Jeremy Lin Slams Chris Rock For Asian Jokes At Oscars
Jeremy Lin, the Charlotte Hornets guard, didn’t take kindly to Chris Rock’s crude joke about Asians at the Oscars last Sunday.Advertisement
Rock brought three Asian children to the stage, posing as “bankers” from PricewaterhouseCoopers. “They (the finance firm) sent us their most dedicated, accurate and hardworking representatives. Please welcome Ming Zhu, Bao Ling and David Moskowitz,” Rock said during a segment, which was viewed as a way to stereotype Asians as smart but supporting of child labor.
Foreseeing a backlash from Asians, Rock even said: “If anybody’s upset about that joke, just tweet about it on your phone that was also made by these (Asian) kids.” (Watch Video Above)
Yearns for a change…
Lin tweeted on Sunday night: “Seriously though, when is this going to change?!? Tired of it being “cool” and “ok” to bash Asians.” On Tuesday, the former Lakers guard addressed his tweet and explained why Rock pushed the envelope too far. “I thought it was a chance for me to stand up for Asians,” said the California-born Lin, whose parents are from Taiwan.
The Hornets player appreciated Chris Rock’s recurring message about the lack of diversity in Hollywood, except for the part when he took on the Asians. “I just feel like sometimes the way people perceive Asians or Asian Americans today can be disappointing in the way they view them. Even Asian American masculinity or whatever you want to talk about, just a lot of the ways that Asians are perceived I don’t always agree with.”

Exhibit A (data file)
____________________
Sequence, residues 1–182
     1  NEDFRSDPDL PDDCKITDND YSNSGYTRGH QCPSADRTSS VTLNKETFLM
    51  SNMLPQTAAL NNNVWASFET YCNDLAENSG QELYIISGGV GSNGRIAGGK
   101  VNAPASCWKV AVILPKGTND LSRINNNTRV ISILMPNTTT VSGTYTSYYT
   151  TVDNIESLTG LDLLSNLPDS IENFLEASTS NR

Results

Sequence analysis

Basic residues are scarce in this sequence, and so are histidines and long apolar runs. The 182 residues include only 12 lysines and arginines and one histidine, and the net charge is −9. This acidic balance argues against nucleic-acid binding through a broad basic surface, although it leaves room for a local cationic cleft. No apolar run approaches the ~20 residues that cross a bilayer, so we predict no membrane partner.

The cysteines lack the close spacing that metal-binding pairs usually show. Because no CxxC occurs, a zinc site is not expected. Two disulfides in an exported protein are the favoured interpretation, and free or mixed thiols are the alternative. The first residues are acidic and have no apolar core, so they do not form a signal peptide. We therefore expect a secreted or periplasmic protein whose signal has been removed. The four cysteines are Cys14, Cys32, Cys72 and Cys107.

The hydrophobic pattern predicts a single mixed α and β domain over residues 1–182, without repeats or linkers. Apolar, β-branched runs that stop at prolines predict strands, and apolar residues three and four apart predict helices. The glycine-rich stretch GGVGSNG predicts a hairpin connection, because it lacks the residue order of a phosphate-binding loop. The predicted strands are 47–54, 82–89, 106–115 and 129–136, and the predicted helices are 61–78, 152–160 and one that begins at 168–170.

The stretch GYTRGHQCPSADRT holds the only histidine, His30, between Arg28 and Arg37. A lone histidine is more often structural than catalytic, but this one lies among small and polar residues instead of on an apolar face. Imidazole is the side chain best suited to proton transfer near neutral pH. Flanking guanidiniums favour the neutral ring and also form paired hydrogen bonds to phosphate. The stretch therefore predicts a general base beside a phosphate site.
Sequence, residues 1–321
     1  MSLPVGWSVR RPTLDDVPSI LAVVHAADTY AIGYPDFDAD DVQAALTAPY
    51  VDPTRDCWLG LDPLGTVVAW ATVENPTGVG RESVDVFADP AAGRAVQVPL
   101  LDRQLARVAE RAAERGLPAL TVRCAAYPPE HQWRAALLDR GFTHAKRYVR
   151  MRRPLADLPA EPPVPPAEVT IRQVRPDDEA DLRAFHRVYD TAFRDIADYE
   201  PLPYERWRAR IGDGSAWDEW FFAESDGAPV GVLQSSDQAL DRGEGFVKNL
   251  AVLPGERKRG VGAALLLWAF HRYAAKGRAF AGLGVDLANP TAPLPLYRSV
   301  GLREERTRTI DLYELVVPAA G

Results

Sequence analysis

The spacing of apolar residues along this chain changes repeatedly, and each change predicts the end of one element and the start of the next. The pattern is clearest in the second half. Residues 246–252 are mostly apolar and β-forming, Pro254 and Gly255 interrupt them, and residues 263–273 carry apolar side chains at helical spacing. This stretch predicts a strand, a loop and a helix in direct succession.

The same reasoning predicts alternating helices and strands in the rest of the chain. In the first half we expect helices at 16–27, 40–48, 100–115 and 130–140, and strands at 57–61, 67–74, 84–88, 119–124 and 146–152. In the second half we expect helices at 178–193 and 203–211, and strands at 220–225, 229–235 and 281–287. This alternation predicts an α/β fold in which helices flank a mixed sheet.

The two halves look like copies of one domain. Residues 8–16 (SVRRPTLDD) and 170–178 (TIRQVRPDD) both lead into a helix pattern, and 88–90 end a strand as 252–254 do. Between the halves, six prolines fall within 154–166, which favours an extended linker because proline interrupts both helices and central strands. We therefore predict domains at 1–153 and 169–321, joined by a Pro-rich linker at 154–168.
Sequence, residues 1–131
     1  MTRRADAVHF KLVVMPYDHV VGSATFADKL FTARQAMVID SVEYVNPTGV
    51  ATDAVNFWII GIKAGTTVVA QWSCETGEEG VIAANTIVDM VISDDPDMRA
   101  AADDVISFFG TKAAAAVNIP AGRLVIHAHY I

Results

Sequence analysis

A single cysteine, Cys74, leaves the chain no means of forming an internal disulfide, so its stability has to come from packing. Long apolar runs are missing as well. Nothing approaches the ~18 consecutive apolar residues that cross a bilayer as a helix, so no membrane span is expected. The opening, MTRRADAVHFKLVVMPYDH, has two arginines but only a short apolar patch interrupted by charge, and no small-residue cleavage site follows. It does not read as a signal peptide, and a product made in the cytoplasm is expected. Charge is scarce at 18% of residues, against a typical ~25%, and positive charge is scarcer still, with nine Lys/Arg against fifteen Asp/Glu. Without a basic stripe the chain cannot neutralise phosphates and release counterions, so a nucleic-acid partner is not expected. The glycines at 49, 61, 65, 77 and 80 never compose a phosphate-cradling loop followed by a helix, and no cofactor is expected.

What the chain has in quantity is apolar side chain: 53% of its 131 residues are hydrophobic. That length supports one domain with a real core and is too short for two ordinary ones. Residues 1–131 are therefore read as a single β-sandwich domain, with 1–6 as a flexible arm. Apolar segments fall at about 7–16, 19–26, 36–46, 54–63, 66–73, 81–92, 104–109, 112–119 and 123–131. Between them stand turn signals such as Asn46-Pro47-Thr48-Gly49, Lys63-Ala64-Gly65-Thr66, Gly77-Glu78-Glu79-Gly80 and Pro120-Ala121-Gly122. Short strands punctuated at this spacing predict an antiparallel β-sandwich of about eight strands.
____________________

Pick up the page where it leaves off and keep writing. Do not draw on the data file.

Jeremy Lin: Perception is reality
The point guard felt that Asian actors were still stereotyped for particular roles. “In acting, you look at Asian roles, they always seem to be in similar roles. I feel like we are just so much more broad than that. What you see on TV, that is so influential. Perception is reality and that’s the truth in today’s day and age where it’s such a digital and technological age,” said the 27-year-old.
Jeremy Lin concluded: “So if we can start branching out a little bit or at least showing that we are different than what other people think we are, maybe we can start to break down some of those walls.”